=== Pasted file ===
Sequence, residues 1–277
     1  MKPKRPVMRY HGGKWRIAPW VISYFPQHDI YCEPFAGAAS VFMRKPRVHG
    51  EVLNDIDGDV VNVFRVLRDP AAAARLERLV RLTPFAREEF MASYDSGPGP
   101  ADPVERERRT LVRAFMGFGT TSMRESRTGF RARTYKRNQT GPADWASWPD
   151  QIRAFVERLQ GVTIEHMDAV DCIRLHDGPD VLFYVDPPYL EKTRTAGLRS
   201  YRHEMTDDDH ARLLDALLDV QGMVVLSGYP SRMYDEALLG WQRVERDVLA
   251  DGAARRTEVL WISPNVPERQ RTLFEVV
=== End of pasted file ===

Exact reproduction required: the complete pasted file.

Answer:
Sequence, residues 1–277
     1  MKPKRPVMRY HGGKWRIAPW VISYFPQHDI YCEPFAGAAS VFMRKPRVHG
    51  EVLNDIDGDV VNVFRVLRDP AAAARLERLV RLTPFAREEF MASYDSGPGP
   101  ADPVERERRT LVRAFMGFGT TSMRESRTGF RARTYKRNQT GPADWASWPD
   151  QIRAFVERLQ GVTIEHMDAV DCIRLHDGPD VLFYVDPPYL EKTRTAGLRS
   201  YRHEMTDDDH ARLLDALLDV QGMVVLSGYP SRMYDEALLG WQRVERDVLA
   251  DGAARRTEVL WISPNVPERQ RTLFEVV